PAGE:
• Olde Schoolhouse Vineyard & Winery is housed in a circa-1894 brick schoolhouse that later became a seed company until the 1960s–in fact, the centerpiece of the winery’s tasting room is an old grain elevator. When winemaker Mark Zdobinski took over the building, it had been vacant for some 40 years. He took a year and a half to restore and renovate the building, and has been winning awards with his wines from the start. “When you start with good grapes, you’re two steps ahead,” says Zdobinski, who, like Melton, sources many of his grapes from other areas. “What’s very important to me is balance.”

Firehouse

[Mural, “Firehouse BBQ & Blue Model T,” by Visit Richmond Indiana/Flickr]

The Heartland Wine & Ale Trail is a work in progress, promoting up to 11 drink destinations, and they’re enough of a draw if you’re looking for a weekend getaway in the Midwest–but I discovered they’re just a slice of what Richmond offers:

  • More than 900 dealers peddle their wares along Antique Alley, which follows U.S. Route 40 and State Route 38.
  • The Tiffany Stained Glass Window Trail is a national treasure, with four sites in a 5-block area featuring Louis Comfort Tiffany windows.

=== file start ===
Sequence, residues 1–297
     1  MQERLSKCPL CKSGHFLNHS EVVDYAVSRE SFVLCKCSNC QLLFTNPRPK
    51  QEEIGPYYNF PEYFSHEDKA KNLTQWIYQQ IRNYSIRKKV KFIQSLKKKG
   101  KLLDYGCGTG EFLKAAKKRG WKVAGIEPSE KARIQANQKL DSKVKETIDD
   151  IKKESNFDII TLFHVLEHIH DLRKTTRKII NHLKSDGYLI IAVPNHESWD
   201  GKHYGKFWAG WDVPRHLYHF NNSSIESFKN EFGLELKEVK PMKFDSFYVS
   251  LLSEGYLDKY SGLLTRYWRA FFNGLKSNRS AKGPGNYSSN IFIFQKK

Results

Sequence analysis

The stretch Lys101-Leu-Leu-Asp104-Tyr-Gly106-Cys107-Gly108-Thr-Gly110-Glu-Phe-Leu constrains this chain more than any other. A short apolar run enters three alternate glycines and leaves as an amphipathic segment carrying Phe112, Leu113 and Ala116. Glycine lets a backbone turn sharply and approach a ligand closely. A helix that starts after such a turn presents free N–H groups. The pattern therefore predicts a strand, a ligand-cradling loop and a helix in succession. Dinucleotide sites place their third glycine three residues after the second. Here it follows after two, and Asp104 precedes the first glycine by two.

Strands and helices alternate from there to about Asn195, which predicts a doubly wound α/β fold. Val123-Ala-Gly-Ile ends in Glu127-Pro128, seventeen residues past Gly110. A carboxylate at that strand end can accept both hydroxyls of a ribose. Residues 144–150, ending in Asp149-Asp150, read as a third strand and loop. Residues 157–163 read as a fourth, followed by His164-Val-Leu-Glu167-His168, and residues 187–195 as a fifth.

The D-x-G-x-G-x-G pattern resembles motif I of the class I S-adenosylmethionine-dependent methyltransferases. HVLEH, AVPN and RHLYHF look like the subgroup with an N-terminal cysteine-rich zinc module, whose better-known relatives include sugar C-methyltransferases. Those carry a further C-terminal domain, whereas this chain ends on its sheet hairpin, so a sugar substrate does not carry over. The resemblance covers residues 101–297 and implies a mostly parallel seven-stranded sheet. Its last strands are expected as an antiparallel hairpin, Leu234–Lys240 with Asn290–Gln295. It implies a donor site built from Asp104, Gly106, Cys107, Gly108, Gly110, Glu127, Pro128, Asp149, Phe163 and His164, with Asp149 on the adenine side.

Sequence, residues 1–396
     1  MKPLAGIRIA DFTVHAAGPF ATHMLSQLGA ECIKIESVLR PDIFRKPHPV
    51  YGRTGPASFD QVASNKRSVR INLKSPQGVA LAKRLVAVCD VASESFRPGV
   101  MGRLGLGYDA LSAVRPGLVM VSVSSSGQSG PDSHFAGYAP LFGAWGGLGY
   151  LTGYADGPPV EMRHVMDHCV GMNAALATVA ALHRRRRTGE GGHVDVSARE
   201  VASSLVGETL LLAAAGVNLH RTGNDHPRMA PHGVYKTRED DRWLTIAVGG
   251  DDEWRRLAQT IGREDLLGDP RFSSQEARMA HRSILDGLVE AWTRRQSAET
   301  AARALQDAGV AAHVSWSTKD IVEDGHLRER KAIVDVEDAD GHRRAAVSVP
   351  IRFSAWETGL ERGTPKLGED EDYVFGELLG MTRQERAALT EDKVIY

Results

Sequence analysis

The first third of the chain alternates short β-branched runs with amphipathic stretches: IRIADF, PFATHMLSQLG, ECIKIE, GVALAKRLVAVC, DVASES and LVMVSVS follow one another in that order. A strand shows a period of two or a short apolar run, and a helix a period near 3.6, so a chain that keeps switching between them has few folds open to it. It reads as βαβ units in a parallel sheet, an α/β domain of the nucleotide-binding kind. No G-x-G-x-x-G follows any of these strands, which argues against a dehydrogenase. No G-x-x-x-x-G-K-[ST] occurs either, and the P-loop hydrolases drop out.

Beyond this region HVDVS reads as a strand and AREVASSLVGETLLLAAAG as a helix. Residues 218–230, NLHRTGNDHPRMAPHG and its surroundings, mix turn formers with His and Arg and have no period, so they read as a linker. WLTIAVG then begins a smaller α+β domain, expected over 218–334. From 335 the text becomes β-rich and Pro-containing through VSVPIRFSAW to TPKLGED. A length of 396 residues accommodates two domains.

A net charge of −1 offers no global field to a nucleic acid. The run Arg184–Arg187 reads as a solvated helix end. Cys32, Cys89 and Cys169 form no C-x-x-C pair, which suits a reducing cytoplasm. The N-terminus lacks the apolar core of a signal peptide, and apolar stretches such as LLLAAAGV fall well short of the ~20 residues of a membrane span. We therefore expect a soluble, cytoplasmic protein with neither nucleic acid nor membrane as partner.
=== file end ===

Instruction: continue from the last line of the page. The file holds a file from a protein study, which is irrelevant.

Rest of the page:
• More than 70 outdoor murals, including the one pictured above, mark the self-guided, award-winning Murals Trail that winds throughout Wayne County.
  • A chocolate trail, pottery studios, hiking and walking paths, the Grand Central Station of the Underground Railroad, and for jazz buffs, old recording studios where legends Louis Armstrong, Tommy Dorsey and others recorded their music, give visitors a surprising (and surprisingly diverse) menu for filling their few days here.

I went to Richmond to explore the Heartland Trail and came away thinking I’d discovered a very cool town. I’m heading back there soon, and I’ll plan extra days to check out the rest of it.

Wine Lingo: Estate wine = wine made with grapes owned (or managed) by the winery, and produced on winery property. This is the opposite of what many Midwestern winemakers practice if they want to make wine from grapes that don’t grow well in their region. In the U.S., in order to specify a vineyard on the label, 95 percent of the grapes used in that wine must be from that vineyard.

679 medium

Vino ‘View: Since Adam Melton temporarily stopped making his wines, you might have to wait a few months to get your hands on a bottle of Melton Renzulli Wines 679 (15 percent alcohol; $17)but I promise it will be worth the wait. This Zinfandel-Shiraz blend is inky-dark, big, full of black berries and leather. I got some spice as well–a slight taste of toasted cinnamon. And we know how I feel about high-alcohol wines; at 15 percent this one warms you all the way down. Melton is a creative winemaker, and his label is pure genius: 679 is the number of days of government red tape he had to endure before his operation was legal. 

Cheers!

Mary